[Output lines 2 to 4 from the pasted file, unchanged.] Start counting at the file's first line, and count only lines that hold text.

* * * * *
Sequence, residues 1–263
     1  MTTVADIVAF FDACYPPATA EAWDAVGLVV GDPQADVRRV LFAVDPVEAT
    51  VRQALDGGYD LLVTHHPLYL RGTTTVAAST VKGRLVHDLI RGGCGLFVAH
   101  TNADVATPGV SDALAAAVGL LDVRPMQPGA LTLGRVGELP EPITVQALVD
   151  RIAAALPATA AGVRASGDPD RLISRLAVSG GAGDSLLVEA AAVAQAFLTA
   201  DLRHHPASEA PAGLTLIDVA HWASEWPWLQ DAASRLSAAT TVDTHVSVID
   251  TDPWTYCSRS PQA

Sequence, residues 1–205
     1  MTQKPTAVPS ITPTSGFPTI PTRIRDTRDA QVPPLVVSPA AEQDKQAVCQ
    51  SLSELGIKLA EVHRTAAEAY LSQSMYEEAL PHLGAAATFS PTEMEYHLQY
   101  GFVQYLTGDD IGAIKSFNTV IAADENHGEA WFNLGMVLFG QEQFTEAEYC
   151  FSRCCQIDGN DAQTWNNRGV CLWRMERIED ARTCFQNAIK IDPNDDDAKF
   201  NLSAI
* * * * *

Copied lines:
     1  MTTVADIVAF FDACYPPATA EAWDAVGLVV GDPQADVRRV LFAVDPVEAT
    51  VRQALDGGYD LLVTHHPLYL RGTTTVAAST VKGRLVHDLI RGGCGLFVAH
   101  TNADVATPGV SDALAAAVGL LDVRPMQPGA LTLGRVGELP EPITVQALVD